Middle East

Syrian Protesters Wanted More From Obama's Speech

  • Playlist
  • Download
  • Embed
    <iframe src="http://www.npr.org/player/embed/136487773/136487788" width="100%" height="290" frameborder="0" scrolling="no" title="NPR embedded audio player">
  • Transcript

In his speech Thursday, President Obama may have used some of his strongest language yet to pressure Syria's leader. But anti-government rebels say the speech represented an incremental improvement but not the breakthrough policy shift they were hoping for.

PETER KENYON: I'm Peter Kenyon in Beirut. President Obama may have used some of his strongest language, yet, to pressure Syrian leader Bashar al-Assad, but for embattled anti-government rebels in Syria, yesterday's speech represented an incremental improvement, not the breakthrough policy shift they were hoping for.

From a Western viewpoint, the president's assertion that the Syrian leader must lead a transition to democracy or get out of the way had the ring of a hardening position that could soon lead to calls for him to step down. But opponents of the ruling Assad family first Hafez and now his son Bashar have heard American calls for reform before, and the regime has always managed to remain in power.

Analysts say Washington may be giving Assad a chance to demonstrate that this time he intends to follow through on his reform proposals, but activists remain skeptical. Assad maintains a tight grip on the army and the security forces, and he may be getting assistance from Syria's chief ally Iran. President Obama repeated that charge yesterday.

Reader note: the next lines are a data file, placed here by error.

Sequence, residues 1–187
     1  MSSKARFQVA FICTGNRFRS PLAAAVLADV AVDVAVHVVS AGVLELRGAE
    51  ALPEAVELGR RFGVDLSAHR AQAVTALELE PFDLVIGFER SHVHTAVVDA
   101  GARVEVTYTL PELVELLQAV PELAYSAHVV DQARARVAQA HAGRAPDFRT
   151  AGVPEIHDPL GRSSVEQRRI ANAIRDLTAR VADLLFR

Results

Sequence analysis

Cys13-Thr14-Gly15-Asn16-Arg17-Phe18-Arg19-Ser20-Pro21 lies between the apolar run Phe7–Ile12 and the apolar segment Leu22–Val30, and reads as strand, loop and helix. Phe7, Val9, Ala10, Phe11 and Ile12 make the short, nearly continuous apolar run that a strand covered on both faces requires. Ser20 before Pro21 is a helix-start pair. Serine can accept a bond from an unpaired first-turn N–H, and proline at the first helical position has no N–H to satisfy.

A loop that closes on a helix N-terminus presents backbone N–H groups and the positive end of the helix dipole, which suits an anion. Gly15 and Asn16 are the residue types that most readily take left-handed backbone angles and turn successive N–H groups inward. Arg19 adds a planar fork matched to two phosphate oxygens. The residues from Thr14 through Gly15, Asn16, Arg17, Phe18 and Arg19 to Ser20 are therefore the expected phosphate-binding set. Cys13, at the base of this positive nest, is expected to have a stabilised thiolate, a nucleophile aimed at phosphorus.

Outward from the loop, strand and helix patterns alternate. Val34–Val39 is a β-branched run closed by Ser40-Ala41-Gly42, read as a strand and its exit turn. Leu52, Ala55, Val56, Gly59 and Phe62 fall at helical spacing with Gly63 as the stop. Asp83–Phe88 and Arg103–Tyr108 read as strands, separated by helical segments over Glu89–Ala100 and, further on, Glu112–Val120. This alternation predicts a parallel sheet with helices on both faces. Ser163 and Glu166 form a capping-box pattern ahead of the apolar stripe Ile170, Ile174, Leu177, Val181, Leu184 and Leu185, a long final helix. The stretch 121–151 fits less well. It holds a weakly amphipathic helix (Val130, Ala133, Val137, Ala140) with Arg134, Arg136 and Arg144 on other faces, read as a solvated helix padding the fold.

For pro-reform activists, perhaps the most promising parts of the president's speech were his demand that Syria stop shooting protesters and allow human rights workers into besieged cities and villages.

Anti-regime websites, meanwhile, are calling for another round of demonstrations today, which will provide the first indication of whether Syria intends to heed Mr. Obama's call to end violence against the protesters.

Peter Kenyon, NPR News, Beirut.

Copyright © 2011 NPR. All rights reserved. Visit our website terms of use and permissions pages at www.npr.org for further information.

NPR transcripts are created on a rush deadline by a contractor for NPR, and accuracy and availability may vary. This text may not be in its final form and may be updated or revised in the future. Please be aware that the authoritative record of NPR’s programming is the audio.



Please keep your community civil. All comments must follow the NPR.org Community rules and terms of use, and will be moderated prior to posting. NPR reserves the right to use the comments we receive, in whole or in part, and to use the commenter's name and location, in any medium. See also the Terms of Use, Privacy Policy and Community FAQ.

NPR thanks our sponsors

Become an NPR sponsor

Support comes from